I mean, we're all here because we watched TV. Good TV, I'll grant you, but still!
It's doubleplusgood TV, if you ask me! And I think that it's actually better to watch quality TV that makes you think and has important messages than reading (for example) a Danielle Steele novel, which is dreck. Reading is good, and I'm a huge advocate of reading books over watching movie adaptations, but there are some movies and TV shows that are absolute quality and deserve to be up there with classic literature in terms of importance.

Then again, people just laugh at me when I compare Joss Whedon today to Charles Dickens in his time. They'll see.
Relatedly, here is another list of the top 10 sci-fi shows. Firefly is #6, Buffy is #4. (BSG is #1.) I'm thinking this doesn't need to go on the front page, since we've got this thread.

I'm not pleased that he used a Buffy/Dracula screencap for the picture; I think it doesn't accurately represent the show visually or thematically.
Ok, I've given in. After months of hearing everyone speak the virtues of Firefly and Serenity, I gave in and decided to watch the series. AMAZING! I agree with the writer--Buffy and Firefly definitely belong on a list. World saving? I'm not sure what that means, but I'm hooked. Too bad I didn't hear about Firefly when it first came on; I would've watched. :-)
Glad to have another Browncoat in the midst, ricetxpeaches! Now, you can watch Serenity as it's meant to be seen...on the big screen. And give money to charity and meet super-cool people like us. Thus, the beauty of CSTS is realized.

It is your duty, young Grasshopper.
I'll be there on July 13!
Ah, one more link related to this (right before it slides off the front page :)

A thingy in Wired.
I think that something like Ender's Game, which has some very thought-provoking elements, belongs on the list more than Andromeda Strain.

Yeah I agree, though i'd actually say 'Speaker for the Dead' belongs even more than Ender's, he might as well have subtitled it "How to Be Good" (had a pretty profound effect on me when I first read it, which was *gulps* just over 20 years ago).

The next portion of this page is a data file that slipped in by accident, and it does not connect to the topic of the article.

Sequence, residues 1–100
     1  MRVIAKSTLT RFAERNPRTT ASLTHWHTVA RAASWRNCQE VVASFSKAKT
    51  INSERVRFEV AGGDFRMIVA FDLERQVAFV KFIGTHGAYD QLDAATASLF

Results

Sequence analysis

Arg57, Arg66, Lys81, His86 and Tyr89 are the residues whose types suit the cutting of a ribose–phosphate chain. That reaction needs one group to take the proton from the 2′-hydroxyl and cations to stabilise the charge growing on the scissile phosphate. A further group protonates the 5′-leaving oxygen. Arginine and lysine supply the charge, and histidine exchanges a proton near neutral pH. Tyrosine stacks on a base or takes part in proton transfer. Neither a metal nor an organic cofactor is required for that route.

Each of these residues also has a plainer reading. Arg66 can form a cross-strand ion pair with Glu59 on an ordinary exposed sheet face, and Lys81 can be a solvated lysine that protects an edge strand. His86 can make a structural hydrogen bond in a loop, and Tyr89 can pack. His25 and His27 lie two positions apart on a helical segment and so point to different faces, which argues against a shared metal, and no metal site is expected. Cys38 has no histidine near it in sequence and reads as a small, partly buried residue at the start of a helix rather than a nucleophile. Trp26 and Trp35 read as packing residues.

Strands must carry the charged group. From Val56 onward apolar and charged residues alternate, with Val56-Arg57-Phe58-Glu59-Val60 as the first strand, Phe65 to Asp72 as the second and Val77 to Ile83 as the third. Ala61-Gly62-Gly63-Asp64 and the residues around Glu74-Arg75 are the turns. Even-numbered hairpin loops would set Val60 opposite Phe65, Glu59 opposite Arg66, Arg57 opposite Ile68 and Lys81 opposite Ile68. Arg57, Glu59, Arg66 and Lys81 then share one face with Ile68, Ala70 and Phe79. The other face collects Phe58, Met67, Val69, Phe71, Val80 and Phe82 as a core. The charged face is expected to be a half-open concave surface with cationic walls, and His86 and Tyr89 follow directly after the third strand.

And indeed, lists of awesome should either feature 'Catch-22' or have a disclaimer at the top saying "Please mentally include 'Catch-22'. Obviously." ;).
Then again, people just laugh at me when I compare Joss Whedon today to Charles Dickens in his time. They'll see.
BandofBuggered | June 17, 22:02 CET

I couldn't agree more, with your entire post. I'd go so far as to say that quality TV is becoming the literature of the twenty-first century.
The quality of novels available today, genre or not, is just appalling. A lot of that is IMO because (in the U.S. anyhow), it's almost impossible to get published unless you're an "already established" name, preferably with a franchise of potboilers.

Publishing houses no longer accept unsolicited (fiction) manuscripts. The majority of new authors get started by self-publishing through something like Vantage Press, a process that costs thousands of dollars, for everything from printing, binding, publicizing and distributing (and yes, I speak from bitter experience).
So in addition to having created a publishing system that discriminates against unknown names, there is a system of discrimination against those aspiring first time authors who would actually be willing to pay for first time self publishing, but can't afford it.

So the sorry state of new, quality fiction in book form is IMO, feeding into the "quality TV as the new literature" paradigm.
90% of everything is crap as they say, I think that's as true (but no truer) now as it ever was.

TV has become more literary though I reckon (even if literature is still the literature of the 21st century IMO ;). Publishing has changed too, there's less of a "mid-list" these days, probably because books are feeling the pinch of more varied entertainment options as much as TV or film. I think that may mean less variety but personally i've not noticed a marked downturn in the average quality of novels and there're still plenty of first-time novelists being given chances (i've no idea how UK publishing compares to the US though, maybe that's not the case over the pond).

Course, a lot of best-sellers are pretty badly written IMO but 'twas ever thus (and that's not necessarily a condemnation BTW, I like the odd trashy pot-boiler as much as the next person).
Course, a lot of best-sellers are pretty badly written IMO but 'twas ever thus (and that's not necessarily a condemnation BTW, I like the odd trashy pot-boiler as much as the next person).
Saje | June 18, 13:46 CET

I guess by that standard, I'm a total snob, as I can't tolerate the trashy potboiler. Maybe it's because I started reading adult novels at age twelve, read about a gazillion of them before I was twenty, and so my trashy potboiler tolerance limit was surpassed long ago.
And I totally cop to being a TV snob. I sample a fair amount of new shows but seldom get past one mediocre ep, and even less often find one I fall in love with and care enough about to follow religiously.